Nothing here in New Haven is
short of miraculous. The downtown
is always full of people who
enter or go past the bars and
restaurants and bookstores
and cafes and department stores
and theaters and galleries,
catching their dreams like frogs
catching flies with their tongues,
while the office typewriters buzz
like beetles, and the air is filled
with dust and the fumes of engines
and the noise of construction
workers drilling for some BIG
are recycling freaks, to be sure,
and the panhandlers at many corners,
and the homeless sleeping on benches
on the Green when the weather
is warm, and there are smells
of pizza and falafel and gyros
and hot dogs and hamburgers, and
there are smells of marijuana
and urine and stale beer, and you
can spot all the skinheads and
the deadheads and the airheads
and the Yalies with heads swollen
with books, lectures, and films,
and you can feel New Haven pumping
in your heart and your veins...
and somewhere there's some guy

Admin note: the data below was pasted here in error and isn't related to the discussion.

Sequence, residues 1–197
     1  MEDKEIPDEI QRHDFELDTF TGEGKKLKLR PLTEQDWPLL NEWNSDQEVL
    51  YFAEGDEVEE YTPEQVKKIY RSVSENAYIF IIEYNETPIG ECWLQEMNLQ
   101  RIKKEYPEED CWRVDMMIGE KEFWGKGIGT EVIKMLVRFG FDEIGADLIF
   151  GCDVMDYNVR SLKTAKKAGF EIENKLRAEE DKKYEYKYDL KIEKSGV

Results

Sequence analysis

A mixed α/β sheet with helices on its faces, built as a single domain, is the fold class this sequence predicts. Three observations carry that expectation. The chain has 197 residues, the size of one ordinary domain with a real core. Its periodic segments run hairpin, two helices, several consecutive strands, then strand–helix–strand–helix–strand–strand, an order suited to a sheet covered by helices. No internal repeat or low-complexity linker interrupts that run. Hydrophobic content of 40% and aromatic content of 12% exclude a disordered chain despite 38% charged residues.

pumping a girl in the back seat of
his car, and there's trash all
around and used condoms and empty
beer cans, and there are lawyers
and policemen and worn-out pros-
titutes and the drug pushers
and the junkies and the homosexuals
and the "artsy-fartsy" types,
street musicians, misfits, mad
poets, posers, yuppies, and preppies--
like some big heap of humans piled
up in some grotesque situation
without a big EXIT sign to get
out when the show is over...
So I observe it all like a stranger
without my popcorn and a ticket
to that never-never land of
opulence and enchanting women,
while the sharp knife of reality
stabs me deep inside my guts,
telling me that I'm alone in this
city of clowns and prophets,
beggars and businessmen--all
hungry for some fix of power,
money, sex, or drugs, or booze,
or some other short cut to Life
Everlasting... So I get back to
my suburban refuge in Westville
only to find my parents arguing
over money.

                            June 24, 1990
                        --Alexander Shaumyan